Under federal law, companies in bankruptcy are the domain of the Office of the United States Trustee. It is part of the Justice Department: The 21 regional U.S. trustees are appointed by, and removable by, the attorney general. In a bankruptcy proceeding, the business or person who goes bankrupt is considered an “estate,” and a trustee-in-bankruptcy may be appointed by the court to wind down or restructure the estate’s affairs. The U.S. trustee, however, does not actually participate as the trustee in individual bankruptcy cases. Rather, he monitors the court-appointed trustees to ensure that they conform to standard practices. So yes, the trustees appointed in bankruptcy cases are somewhat independent in the limited sense that they are not government lawyers — they are private citizens who need not be attorneys. But they are still overseen by a Justice Department official who serves at the pleasure of the attorney general.
When there are indications of fraud, bankruptcy law enables the U.S. trustee to appoint an investigator — who, like the trustee assigned to the case, is a private citizen, not a federal agent or a government lawyer. But the fraud that a bankruptcy trustee and examiner are principally concerned about is fraud in the bankruptcy proceeding itself — e.g., hiding assets.
It is not the purpose of a bankruptcy proceeding to conduct a criminal investigation. Bankruptcy is about liquidating assets, settling debts, and wiping the business slate clean. In fact, when evidence of fraud or other crimes is uncovered in the course of a bankruptcy case, federal law requires that the pertinent information be referred to the Justice Department (specifically, to the U.S. attorney in the appropriate federal district). The reason for that is obvious: If you find criminal conduct, you want the officials who are trained to conduct criminal investigations — and who have access to grand juries, subpoena power, the ability to seek search warrants, etc. — to run the show. Otherwise, a prosecutable case can be botched, which only benefits the wrongdoers. (That is not a knock against bankruptcy lawyers — you wouldn’t want prosecutors running a bankruptcy case, either.)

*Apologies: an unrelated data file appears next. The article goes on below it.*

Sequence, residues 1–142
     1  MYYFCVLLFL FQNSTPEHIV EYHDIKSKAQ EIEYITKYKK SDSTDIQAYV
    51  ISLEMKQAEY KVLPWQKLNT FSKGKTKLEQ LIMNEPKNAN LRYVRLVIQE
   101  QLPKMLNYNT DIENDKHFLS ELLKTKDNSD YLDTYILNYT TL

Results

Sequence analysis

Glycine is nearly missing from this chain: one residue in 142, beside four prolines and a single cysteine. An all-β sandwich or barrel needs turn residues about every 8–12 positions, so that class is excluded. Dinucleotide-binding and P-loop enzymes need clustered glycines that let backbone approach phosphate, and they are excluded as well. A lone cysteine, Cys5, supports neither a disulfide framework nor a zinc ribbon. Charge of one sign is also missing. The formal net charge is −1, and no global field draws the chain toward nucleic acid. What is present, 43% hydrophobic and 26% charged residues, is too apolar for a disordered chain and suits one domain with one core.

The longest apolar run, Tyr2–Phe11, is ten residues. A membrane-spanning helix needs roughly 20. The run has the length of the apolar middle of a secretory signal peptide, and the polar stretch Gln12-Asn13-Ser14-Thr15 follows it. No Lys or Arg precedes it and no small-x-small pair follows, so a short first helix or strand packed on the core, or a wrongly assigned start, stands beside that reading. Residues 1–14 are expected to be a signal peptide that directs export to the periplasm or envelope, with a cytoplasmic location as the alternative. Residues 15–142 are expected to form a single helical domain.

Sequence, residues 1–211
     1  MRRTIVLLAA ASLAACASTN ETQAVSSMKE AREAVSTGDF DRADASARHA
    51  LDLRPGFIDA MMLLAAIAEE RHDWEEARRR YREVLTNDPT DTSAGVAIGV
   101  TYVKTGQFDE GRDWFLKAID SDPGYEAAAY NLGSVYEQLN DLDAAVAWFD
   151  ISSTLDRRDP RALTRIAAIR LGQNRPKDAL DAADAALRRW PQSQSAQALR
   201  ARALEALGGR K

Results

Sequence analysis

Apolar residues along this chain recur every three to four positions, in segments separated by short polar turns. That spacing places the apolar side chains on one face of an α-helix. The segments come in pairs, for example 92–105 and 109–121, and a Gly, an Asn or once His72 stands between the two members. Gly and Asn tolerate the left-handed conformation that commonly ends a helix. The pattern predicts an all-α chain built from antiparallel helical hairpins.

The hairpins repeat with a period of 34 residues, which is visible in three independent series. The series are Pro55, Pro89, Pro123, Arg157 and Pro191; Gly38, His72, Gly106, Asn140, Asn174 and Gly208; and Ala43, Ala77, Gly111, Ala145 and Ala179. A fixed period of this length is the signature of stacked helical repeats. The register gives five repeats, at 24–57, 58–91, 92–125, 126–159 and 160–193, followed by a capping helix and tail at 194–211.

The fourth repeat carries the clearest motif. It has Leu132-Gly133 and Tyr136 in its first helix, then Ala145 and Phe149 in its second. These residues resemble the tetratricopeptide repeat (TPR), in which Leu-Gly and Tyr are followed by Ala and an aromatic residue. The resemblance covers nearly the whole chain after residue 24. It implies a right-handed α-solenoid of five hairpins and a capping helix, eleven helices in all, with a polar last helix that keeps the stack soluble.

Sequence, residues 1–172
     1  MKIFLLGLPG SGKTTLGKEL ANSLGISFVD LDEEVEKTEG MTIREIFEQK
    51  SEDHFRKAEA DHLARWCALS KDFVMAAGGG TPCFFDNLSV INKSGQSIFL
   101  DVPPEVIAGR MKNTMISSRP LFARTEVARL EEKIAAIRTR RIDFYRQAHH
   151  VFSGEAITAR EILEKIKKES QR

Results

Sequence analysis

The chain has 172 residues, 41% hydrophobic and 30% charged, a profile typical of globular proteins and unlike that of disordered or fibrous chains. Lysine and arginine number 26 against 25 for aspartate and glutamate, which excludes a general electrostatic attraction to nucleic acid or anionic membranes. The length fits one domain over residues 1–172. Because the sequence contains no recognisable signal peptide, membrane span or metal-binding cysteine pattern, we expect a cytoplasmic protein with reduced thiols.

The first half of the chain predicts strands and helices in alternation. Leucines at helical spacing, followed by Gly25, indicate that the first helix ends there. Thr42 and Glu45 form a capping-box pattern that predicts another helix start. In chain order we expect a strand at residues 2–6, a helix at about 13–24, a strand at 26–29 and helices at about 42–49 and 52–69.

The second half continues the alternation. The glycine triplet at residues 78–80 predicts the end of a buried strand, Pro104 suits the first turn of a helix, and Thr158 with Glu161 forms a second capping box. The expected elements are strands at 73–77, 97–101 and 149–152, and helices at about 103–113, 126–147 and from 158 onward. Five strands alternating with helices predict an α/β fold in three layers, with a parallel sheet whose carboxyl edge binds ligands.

So even if Representative Smith were to persuade the attorney general to appoint a special bankruptcy examiner for Solyndra, and even if that examiner were to find evidence of fraudulent conduct, we would end up right where we were in the first place: in need of someone to do a full-blown, credible investigation of the Solyndra fraud.
For political purposes, one can see why Representative Smith would want to highlight the fact that the current Justice Department is compromised. Doing so underscores the disturbing role of the Obama administration in the Solyndra chicanery and serves as a reminder of how politicized has been Eric Holder’s stewardship of the Justice Department. Nevertheless, seeking a special bankruptcy examiner does not further the investigation as a practical matter.
The issue here is not bankruptcy fraud. It is whether fraud of any actionable kind was committed by anyone while Solyndra was a going concern. A special bankruptcy examiner is not going to get to the bottom of that. We can hope that the Energy Department’s inspector general, who is working with the FBI, is sufficiently independent that investigators will follow the evidence wherever it takes them. But this is a situation in which Congress is going to have to stay on the case itself: pressing the administration for information, using its subpoena power, holding public hearings, and exposing any indications of stonewalling.
— Andrew C. McCarthy, a senior fellow at the National Review Institute, is the author, most recently, of The Grand Jihad: How Islam and the Left Sabotage America.
Editor’s Note: This column has been amended to give the correct value of the Solyndra loan guarantee, which was $535 million, not $535 billion.